Here is a graph showing the molar fraction of air which is water for various temperatures and relative humidities, assuming the total air pressure is 1 atm. For a given relative humidity, the total amount of water in the air does not change with pressure, but the quantity of the remaining components (mostly nitrogen and oxygen) will change. This comes directly from the definition of relative humidity, and is not some mystereous property of water. Thus, for example, if the atmospsheric pressure is 0.95 atm, rather than 1.00 atm, the percentage values shown should be multiplied by a factor of 1.00/0.95 = 1.05.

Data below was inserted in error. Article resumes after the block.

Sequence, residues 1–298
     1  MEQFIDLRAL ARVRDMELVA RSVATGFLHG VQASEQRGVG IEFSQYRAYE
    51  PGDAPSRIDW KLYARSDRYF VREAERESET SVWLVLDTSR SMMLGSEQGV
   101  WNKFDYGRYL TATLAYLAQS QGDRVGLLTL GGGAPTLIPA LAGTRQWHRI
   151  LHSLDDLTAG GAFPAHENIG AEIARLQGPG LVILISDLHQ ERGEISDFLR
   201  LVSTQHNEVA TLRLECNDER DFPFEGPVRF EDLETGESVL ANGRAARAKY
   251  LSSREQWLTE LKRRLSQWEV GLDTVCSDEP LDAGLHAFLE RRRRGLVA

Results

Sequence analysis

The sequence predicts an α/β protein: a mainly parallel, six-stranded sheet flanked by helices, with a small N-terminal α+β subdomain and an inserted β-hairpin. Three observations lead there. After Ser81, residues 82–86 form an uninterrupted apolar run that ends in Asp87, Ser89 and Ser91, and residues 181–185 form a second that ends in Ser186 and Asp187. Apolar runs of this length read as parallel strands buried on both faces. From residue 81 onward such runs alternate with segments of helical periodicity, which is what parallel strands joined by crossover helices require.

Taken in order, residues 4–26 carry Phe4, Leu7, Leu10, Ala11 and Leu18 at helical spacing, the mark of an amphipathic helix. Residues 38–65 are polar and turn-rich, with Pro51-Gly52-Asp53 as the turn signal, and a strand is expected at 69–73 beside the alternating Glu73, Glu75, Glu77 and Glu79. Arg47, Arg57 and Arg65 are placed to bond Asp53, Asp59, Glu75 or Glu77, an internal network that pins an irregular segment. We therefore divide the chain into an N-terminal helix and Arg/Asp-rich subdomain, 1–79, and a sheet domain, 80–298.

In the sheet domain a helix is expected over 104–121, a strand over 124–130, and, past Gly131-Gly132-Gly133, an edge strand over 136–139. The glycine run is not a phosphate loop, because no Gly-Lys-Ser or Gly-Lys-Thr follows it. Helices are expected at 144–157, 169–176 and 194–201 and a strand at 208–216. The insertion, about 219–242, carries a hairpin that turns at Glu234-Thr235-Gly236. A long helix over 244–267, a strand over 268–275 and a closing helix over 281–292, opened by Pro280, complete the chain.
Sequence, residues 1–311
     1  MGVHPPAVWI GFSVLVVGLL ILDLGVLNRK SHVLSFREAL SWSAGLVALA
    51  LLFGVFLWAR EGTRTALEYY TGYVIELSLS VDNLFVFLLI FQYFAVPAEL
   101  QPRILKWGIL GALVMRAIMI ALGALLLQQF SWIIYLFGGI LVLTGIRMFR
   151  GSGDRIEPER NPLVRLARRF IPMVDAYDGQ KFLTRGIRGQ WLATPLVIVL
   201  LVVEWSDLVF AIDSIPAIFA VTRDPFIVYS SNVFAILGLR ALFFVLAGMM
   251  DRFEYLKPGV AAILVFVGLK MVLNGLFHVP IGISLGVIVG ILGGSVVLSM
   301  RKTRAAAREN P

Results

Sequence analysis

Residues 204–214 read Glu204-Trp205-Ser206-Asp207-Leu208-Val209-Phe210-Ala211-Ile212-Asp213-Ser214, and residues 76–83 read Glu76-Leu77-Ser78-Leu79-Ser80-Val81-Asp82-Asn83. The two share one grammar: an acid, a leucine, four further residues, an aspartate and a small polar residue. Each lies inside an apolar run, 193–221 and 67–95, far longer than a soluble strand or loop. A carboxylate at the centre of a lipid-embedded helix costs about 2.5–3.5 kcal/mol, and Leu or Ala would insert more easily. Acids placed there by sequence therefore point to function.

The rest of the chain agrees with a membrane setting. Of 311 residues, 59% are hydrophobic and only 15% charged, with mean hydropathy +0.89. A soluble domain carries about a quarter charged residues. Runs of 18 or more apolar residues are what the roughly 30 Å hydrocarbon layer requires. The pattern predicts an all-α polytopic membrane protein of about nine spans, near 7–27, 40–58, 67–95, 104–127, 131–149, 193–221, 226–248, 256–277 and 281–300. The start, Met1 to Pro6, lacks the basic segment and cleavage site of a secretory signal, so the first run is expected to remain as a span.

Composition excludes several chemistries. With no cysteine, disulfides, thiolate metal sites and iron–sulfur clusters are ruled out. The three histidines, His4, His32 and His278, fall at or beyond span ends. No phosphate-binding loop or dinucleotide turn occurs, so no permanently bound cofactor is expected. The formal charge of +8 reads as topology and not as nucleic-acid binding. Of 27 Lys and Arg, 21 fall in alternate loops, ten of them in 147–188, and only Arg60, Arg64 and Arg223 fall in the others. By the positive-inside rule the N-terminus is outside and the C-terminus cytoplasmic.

The values used in the graphs are computed using the saturation vapor pressure of water at various temperatures obtained from the reference below.
Reference: "Handbook of Chemistry and Physics, 60th edition" CRC Press.
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